When India won independence from the British, the Constitution of India recognized the rights of the Supreme Court and the various high courts to punish people or lower courts for contempt. More important, Article 19 of the Constitution of India recognizes contempt as an exception to free speech:
“(2) Nothing in sub-clause (a) of clause (1) shall affect the operation of any existing law, or prevent the State from making any law, in so far as such law imposes reasonable restrictions on the exercise of the right conferred by the said sub-clause […] in relation to contempt of court…”
Scope of Contempt
Critics of the concept of contempt of court argue that its berth is too wide. Contempt of court is wide enough to encompass different acts, ranging from yawning to outright disregarding a court’s order.
The 1971 Act lists instances that would not be included within the purview of contempt of court:
- innocent publication and distribution of matter; or
- fair and accurate reportage of judicial proceedings; or
- fair criticism of judicial act; or
- complaint against the presiding officers of the subordinate court to another court to which it is subordinate; or
- publication of proceedings conducted in camera (in most instances).
A 2006 amendment added another defence of truth, provided it is in the public interest.
However, the issue with these defences is that words like “fair” are subjective, and can often be interpreted in extremely narrow ways by an overly punitive court. They do not always protect citizens or lower court judges from arbitrary actions by higher court judges.
The rest of the acts of contempt can be penalized by the competent court inasmuch as it does not conflict with the provisions of the 1971 Act.
There is also a one-year statute of limitations—i.e. a case of contempt of court cannot be initiated after the expiry of one year of the transgression.
Mulgaokar v. Unknown (1978) and Shri Sham Lal v. Unknown (1978)
These two cases concerned two editors from the Times of India and the Indian Express. These editors had criticized the infamous ADM Jabalpur case. Chief Justice M.H. Beg had initiated contempt proceedings against these journalists, however the case was subsequently dropped as the other judges on the bench did not support it.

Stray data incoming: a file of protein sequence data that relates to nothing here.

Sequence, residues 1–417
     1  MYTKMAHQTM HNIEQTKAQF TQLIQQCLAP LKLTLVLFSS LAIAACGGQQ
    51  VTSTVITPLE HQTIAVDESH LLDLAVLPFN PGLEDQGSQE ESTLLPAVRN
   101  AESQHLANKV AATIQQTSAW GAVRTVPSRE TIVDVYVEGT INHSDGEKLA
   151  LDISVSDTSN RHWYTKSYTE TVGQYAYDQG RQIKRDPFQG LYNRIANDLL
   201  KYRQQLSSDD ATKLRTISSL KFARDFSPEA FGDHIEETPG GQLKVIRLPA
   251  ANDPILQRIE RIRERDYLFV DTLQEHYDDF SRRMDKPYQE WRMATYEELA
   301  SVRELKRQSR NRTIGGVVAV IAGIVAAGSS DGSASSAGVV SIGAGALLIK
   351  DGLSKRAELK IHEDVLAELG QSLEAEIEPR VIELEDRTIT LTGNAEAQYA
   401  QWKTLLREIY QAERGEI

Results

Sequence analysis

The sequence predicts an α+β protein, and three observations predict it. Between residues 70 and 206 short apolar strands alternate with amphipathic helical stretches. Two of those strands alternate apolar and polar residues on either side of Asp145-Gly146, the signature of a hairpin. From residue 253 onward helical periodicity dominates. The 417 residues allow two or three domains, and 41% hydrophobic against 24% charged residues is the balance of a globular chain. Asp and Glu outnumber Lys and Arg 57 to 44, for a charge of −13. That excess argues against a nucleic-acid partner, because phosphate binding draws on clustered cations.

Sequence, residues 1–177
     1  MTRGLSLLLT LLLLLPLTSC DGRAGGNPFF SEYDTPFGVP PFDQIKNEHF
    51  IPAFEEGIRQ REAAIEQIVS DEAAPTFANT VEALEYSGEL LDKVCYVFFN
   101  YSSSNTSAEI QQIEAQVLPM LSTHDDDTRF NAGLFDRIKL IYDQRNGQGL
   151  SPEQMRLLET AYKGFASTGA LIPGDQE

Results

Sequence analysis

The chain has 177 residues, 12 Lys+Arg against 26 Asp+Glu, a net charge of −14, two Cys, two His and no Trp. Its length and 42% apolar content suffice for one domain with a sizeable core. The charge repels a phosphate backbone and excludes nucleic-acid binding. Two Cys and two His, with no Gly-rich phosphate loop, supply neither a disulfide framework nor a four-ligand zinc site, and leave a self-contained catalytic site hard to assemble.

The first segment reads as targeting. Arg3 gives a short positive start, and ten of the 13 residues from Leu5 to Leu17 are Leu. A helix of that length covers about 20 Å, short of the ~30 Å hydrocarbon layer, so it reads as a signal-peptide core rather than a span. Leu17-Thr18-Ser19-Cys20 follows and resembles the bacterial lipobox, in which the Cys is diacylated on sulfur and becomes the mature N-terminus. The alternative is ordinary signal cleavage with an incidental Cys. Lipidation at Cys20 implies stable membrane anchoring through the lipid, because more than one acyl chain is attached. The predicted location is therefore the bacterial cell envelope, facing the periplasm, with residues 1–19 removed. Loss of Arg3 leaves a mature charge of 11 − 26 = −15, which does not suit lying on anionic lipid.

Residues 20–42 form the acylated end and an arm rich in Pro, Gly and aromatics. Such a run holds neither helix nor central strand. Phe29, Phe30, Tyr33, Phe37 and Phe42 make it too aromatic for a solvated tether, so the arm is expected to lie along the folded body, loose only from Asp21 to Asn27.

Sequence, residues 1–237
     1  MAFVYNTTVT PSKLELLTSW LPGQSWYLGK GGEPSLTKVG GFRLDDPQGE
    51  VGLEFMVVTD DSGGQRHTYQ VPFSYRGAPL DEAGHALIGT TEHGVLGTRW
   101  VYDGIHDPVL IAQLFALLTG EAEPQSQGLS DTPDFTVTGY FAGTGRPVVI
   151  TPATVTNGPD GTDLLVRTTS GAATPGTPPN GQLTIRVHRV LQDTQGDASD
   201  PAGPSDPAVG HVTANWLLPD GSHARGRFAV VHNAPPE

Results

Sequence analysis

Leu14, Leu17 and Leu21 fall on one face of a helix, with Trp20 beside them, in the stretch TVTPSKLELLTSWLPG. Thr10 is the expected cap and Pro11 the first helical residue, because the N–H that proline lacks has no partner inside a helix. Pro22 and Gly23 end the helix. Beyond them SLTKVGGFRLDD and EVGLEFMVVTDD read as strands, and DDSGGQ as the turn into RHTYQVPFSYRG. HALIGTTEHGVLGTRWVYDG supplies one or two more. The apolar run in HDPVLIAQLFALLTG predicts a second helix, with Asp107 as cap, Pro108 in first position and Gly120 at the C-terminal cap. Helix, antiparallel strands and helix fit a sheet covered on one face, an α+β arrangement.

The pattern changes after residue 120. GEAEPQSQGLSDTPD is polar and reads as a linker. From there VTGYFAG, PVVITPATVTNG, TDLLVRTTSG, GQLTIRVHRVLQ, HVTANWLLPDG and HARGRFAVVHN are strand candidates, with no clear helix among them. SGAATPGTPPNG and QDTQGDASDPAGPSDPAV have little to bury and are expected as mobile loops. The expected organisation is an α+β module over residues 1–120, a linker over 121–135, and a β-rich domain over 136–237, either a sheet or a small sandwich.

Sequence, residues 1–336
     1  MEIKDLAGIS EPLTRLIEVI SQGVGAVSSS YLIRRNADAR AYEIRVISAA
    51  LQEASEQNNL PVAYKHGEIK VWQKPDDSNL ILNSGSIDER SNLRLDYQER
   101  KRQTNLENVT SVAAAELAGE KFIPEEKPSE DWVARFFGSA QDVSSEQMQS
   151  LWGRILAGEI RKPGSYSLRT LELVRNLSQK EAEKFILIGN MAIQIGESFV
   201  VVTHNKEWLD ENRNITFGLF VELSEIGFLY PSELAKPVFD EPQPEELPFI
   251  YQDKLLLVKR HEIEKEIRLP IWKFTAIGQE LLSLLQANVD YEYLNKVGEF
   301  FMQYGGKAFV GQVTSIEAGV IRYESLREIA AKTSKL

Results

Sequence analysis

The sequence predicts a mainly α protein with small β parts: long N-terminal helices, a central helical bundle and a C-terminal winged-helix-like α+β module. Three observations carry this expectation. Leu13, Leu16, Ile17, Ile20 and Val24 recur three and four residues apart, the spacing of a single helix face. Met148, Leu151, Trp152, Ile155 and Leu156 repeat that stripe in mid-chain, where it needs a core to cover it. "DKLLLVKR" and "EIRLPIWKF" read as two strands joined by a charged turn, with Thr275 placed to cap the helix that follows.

Prashant Bhushan Case
This case was notable for the controversy it generated. Prashant Bhushan, a noted PIL lawyer, posted a tweet on the microblogging Web site Twitter about the current Chief Justice of India Sharad A. Bobde. Bhushan criticized the selectivity with which the apex court was picking up cases, and chastised Justice Bobde for “denying citizens their fundamental right to access Justice [sic].”
Though offered the chance to apologize to the Court, he refused. Bhushan was ultimately convicted by the Supreme Court, but fined only Re 1, which he paid the Court. The decision to initiate contempt proceedings and the ultimate decision of convicting Bhushan generated intensely negative responses on social media and elsewhere. Presently, a challenge regarding the constitutionality of contempt of court is pending before the Court.
Contempt of court, in conclusion, is a wide-ranging offence which includes a diversity of acts within its ambit. The sheer broadness of its scope can often be a cause for concern, with some judges taking advantage of the law to quell any criticism levelled against them.
Moreover, there are also some fundamental questions that ask whether offences like contempt of court—or at least specific components of contempt—are compatible with notions of liberal democracy, which India lays claim to. The right of free speech, enshrined in Article 21 of the Indian Constitution, should, in an ideal world, allow for citizens to level any criticism against judges or the court without fearing retributive action.
 Id. at §2.
 Indian Const. art. 19.
 Supra note 1 at §3–7.
 Id. at §20.